"NASA continues to have requirements to support engineering environments and [programs] for NASA as a whole and there's a progression in the product line for computer manufacturers that continue to need higher and higher performance in order to do those jobs," said John Leahy III, chief of staff at Sun.
Lipkin said other areas where GTSI has expanded its offerings are in the areas of networking and storage. For networking, GTSI will offer an array of products from Cisco Systems Inc., 3Com Corp. and Alcatel, and on the storage side, products from EMC Corp. and others will be available. He noted that GTSI was the only prime contractor to be awarded contracts for three classes of SEWP III products: mechanical computer-aided design, networking devices and mass storage devices.
Although NASA has steadily expanded the number of products available on SEWP, the basic types of products the space agency has sought have not changed much, Woytek said. For example, "We've always had storage and networking," she said. All the way "back to SEWP I, the changes have been minimal."
The only contracts still pending are two small-business set-asides. NASA anticipated reissuing solicitations for computer support devices and security system tools around Aug. 30. "No awards have been made, and a new [request for proposals] will be released as soon as possible for those two classes only," Woytek said.
Bob Robitaille, SEWP III program manager at Hewlett-Packard Co., said the company has moved nearly all of its SEWP II offerings to the new contract and plans to incorporate new technologies during the next few months at NASA's request. He said HP offers products on SEWP III ranging from $2,000 servers to multimillion-dollar Superdome high-end Unix servers and will have significantly more products on the new contract including servers, workstations and storage products.
"The desire is to be better, faster and cheaper," Robitaille said, "and as technology moves forward, and [with] our ability with recent updates to save the government money, we can do it faster and cheaper. That supports the general trend of technology." There has been a great deal of interest among agencies in workstations and servers based on Intel Corp.'s new Itanium processor, and that trend is reflected in HP's SEWP III offerings, he said.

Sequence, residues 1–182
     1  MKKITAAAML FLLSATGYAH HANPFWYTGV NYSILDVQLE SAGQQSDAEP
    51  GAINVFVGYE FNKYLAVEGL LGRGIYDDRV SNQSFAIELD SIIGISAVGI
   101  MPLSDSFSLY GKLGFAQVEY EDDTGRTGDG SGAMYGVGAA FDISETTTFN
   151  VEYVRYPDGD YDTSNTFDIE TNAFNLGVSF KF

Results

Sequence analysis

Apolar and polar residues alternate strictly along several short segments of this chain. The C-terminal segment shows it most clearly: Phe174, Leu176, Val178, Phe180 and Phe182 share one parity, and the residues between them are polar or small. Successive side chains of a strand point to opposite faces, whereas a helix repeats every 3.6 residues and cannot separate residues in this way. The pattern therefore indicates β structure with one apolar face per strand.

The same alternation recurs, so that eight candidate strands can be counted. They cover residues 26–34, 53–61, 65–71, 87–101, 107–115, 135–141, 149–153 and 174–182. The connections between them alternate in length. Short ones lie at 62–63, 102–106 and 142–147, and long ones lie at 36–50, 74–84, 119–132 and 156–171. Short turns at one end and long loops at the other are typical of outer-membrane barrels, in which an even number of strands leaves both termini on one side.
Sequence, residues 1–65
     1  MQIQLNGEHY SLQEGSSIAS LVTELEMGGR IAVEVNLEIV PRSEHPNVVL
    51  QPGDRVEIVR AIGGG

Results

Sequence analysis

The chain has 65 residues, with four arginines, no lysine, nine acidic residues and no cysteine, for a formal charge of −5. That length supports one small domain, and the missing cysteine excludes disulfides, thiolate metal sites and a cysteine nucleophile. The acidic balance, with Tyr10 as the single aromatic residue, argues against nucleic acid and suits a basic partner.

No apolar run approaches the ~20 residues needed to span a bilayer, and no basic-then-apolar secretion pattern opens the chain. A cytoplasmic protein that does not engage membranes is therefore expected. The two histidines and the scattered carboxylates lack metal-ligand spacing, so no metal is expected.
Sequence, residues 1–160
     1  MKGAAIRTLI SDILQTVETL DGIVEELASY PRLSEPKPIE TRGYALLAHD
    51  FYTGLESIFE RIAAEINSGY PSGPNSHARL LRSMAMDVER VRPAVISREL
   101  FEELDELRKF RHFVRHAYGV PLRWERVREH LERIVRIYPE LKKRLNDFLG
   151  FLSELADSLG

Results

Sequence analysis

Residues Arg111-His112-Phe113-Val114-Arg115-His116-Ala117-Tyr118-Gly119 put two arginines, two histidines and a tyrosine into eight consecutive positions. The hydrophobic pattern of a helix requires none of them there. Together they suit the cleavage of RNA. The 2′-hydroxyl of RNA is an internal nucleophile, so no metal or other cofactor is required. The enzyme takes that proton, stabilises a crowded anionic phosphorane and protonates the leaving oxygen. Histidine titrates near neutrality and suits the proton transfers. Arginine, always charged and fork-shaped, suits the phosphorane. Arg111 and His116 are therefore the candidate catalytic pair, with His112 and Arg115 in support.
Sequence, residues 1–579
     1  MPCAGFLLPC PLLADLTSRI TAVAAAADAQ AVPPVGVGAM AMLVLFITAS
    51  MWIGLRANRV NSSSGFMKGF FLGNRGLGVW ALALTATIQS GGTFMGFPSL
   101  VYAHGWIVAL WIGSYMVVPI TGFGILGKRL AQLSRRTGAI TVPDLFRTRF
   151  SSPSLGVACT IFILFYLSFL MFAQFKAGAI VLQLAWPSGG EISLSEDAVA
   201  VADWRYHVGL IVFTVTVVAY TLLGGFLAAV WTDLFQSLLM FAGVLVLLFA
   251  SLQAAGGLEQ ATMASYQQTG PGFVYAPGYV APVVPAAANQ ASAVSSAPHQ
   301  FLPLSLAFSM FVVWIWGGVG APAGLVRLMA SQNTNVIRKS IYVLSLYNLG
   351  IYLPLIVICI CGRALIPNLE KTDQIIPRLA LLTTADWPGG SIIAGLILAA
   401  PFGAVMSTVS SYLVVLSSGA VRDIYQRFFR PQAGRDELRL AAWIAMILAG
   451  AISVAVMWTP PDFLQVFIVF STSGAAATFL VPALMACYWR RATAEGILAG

Larry Reynolds, SEWP III program manager at Silicon Graphics Inc., said the addition of Section 508 compliance tools was the most obvious new trend. However, he also said that the increasing popularity of Linux an open-source version of Unix the powerful Itanium processors and SEWP's new security section dictated what SGI will offer its customers.
"To satisfy this requirement for affordable high-performance and standards-based computing, SGI just announced the launch of its first Itanium processor-based system running Linux," Reynolds said.
The Silicon Graphics 750 system for Linux is SGI's "first milestone on the Itanium product road map being developed for Linux," and as the company continues to develop other products, those will also be added to SEWP III, Reynolds said. The other SEWP III vendors are IBM Global Services Inc., Government Micro Resources Inc., Compaq Computer Corp. and Logicon FDC.
SEWP II accounted for 3.4 percent of the $13.3 billion agencies spent on GWACs in fiscal 2000, according to Federal Sources Inc., a market research and consulting firm. Agencies spent most on the General Services Administration's Schedule 70, Broadband Distance Learning Services, and Management, Organization and Business Improvement Services contracts.
"Looking at the highest-level summary data on where agencies are spending, it is clear that companies need a combination of [GSA] schedules and GWACs to capture their share of government business," according to the FSI report. The analysis also showed that agencies use a mix of GWAC-type contracts to address their particular business needs.
The first SEWP contract produced nearly $500 million in sales in four years. SEWP II, which began in 1997 and expired in July, collected about 1,000 task orders per month, adding up to about $1.5 billion in sales, and offered about 300,000 line items. SEWP III will feature about 400,000 products and is capped at $4 billion, Woytek said. After NASA, SEWP's top customers are the Army, Navy, Air Force and Commerce Department.
"The goal of SEWP is first and foremost to meet NASA's needs," Woytek said. "If it can help other agencies, we're happy to do so.